And like any devotee Antique roadshow The chair appraiser can tell you that few things rhyme better with “Ka-ching!” than Ming, that is, the Ming dynasty.
That’s why when an eagle-eyed thrifty saw a promising-looking piece of china among the other tchotchkes at a Connecticut yard sale, he didn’t even haggle over the price. Soon enough, it was, “Sold to the gentleman for $ 35!”
Even so, the unidentified buyer probably gasped when he learned that the delicate blue and white plate, which is just over six inches long and decorated with lotus, peony, chrysanthemum and pomegranate flowers, was one of the Half a dozen such Ming pieces have survived into the 21st century.
Sotheby’s confirmed that the exquisite 15th-century hoard likely originated during the Yongle reign (which rhymes with Mongolian, begins with a capital “M,” and stands for money). Emperor, around 1403-1424.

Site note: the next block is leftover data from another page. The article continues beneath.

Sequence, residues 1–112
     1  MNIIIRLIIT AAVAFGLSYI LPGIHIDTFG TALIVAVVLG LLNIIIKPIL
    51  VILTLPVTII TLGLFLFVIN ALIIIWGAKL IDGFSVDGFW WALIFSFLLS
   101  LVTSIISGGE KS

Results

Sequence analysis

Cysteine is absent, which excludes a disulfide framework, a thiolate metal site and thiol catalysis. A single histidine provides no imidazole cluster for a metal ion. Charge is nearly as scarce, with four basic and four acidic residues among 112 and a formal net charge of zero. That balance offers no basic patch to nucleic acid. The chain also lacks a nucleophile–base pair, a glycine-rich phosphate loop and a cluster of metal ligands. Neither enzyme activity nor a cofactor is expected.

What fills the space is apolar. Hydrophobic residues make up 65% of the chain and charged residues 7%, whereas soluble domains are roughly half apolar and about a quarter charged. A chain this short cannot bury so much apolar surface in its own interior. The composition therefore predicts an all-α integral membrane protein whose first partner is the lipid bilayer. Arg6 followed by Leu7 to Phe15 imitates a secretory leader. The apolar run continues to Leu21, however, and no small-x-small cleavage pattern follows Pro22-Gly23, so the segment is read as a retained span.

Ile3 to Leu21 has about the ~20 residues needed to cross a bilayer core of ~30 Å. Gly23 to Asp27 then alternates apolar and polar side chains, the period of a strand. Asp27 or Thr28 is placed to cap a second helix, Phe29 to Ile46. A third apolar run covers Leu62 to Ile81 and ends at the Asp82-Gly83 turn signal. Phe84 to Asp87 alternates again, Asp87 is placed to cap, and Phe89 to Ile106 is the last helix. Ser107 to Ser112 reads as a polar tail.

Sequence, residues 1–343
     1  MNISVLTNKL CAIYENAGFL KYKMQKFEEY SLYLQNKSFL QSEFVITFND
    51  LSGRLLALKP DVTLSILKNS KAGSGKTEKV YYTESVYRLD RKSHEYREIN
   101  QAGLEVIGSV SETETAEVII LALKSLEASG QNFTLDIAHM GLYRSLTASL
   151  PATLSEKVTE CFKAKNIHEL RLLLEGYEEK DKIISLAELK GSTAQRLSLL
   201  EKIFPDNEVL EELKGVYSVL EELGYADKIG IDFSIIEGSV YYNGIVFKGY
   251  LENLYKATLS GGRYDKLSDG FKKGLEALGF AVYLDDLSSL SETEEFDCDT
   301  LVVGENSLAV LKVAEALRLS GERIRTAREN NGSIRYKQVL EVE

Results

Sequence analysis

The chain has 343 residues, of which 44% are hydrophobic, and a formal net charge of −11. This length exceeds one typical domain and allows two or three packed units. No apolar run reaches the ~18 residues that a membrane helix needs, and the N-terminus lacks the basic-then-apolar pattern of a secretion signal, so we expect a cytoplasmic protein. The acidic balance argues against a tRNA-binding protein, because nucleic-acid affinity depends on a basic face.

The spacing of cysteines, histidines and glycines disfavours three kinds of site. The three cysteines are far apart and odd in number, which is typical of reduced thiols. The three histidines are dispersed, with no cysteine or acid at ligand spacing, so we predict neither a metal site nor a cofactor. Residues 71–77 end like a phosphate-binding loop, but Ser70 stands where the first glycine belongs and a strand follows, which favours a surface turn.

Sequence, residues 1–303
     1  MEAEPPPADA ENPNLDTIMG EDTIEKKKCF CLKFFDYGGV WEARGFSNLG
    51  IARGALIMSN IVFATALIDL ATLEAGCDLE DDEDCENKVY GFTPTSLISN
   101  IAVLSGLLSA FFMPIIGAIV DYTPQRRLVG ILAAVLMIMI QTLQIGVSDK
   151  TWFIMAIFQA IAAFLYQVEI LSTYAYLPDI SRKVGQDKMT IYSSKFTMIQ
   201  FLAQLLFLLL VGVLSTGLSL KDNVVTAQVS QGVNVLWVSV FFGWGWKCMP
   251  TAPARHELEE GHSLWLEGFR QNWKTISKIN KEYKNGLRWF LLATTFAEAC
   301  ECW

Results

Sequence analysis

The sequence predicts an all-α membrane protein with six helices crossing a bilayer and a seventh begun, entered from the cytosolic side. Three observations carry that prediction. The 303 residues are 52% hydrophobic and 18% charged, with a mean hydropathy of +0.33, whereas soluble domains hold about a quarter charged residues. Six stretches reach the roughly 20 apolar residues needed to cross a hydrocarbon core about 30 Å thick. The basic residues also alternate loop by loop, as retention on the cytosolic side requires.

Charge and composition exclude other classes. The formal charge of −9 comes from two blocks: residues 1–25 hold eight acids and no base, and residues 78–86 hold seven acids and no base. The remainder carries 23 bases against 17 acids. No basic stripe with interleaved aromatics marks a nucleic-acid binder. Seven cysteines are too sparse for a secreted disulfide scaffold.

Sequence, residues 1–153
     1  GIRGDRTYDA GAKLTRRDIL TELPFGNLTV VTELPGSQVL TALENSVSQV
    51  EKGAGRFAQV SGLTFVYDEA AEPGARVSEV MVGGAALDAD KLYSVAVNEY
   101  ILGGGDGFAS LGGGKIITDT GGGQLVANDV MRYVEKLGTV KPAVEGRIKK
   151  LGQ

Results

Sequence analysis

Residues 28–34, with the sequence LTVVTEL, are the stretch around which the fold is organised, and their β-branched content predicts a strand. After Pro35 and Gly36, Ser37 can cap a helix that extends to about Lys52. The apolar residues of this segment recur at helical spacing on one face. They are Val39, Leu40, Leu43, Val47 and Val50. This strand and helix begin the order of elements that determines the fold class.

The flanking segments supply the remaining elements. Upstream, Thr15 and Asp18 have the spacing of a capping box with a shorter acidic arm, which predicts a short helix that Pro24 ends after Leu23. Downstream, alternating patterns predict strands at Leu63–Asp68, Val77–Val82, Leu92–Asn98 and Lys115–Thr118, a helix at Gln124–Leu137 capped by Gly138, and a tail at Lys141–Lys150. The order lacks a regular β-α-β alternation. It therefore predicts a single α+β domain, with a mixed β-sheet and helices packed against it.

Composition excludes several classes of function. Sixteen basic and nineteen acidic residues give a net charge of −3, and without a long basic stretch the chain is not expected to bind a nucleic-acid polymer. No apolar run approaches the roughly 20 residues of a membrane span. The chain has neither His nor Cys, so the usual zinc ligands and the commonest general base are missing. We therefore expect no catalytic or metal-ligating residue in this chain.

“The Yongle Emperor really promoted the artistic importance of porcelain,” said Angela McAteer, director of Sotheby’s Chinese art department. CNN. “He elevated it from being a utilitarian bowl, for example, to a true work of art.”
With an estimated value of between $ 300,000 and $ 500,000, the beautiful lotus bowl will be auctioned during Sotheby’s “Highlights From Important Chinese Art” sale on March 17. “In all respects,” the catalog listing notes, “this delicate bowl is a quintessential Yongle product, made for the court, displaying the amazing combination of excellent material and paint.”
Adding to its mystique, from what McAteer told CNN, “[The bowl had an] incredibly smooth porcelain body ”and a“ really creamy silky enamel [which] it was never repeated in future reigns or dynasties. “
Should the search boat hit the half million mark when it goes under the Sotheby’s figurative hammer, even taking into account the auction house cut, a price increase of up to 1,428,471% is a pretty nifty return on anyone’s $ 35 investment.
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